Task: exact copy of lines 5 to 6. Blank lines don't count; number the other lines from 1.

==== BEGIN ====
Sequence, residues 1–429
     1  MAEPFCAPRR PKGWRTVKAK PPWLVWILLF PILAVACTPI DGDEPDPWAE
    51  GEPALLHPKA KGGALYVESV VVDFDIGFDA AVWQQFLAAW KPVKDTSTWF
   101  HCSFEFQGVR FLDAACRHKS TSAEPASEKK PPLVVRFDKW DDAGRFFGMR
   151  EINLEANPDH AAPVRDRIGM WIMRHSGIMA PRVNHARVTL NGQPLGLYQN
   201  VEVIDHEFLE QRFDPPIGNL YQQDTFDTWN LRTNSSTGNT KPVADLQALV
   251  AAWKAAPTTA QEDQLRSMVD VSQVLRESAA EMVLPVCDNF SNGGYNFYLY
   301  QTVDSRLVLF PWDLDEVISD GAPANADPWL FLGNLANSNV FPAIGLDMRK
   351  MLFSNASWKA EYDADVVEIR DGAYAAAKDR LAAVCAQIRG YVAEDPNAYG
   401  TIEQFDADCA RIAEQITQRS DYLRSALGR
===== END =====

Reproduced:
   151  EINLEANPDH AAPVRDRIGM WIMRHSGIMA PRVNHARVTL NGQPLGLYQN
   201  VEVIDHEFLE QRFDPPIGNL YQQDTFDTWN LRTNSSTGNT KPVADLQALV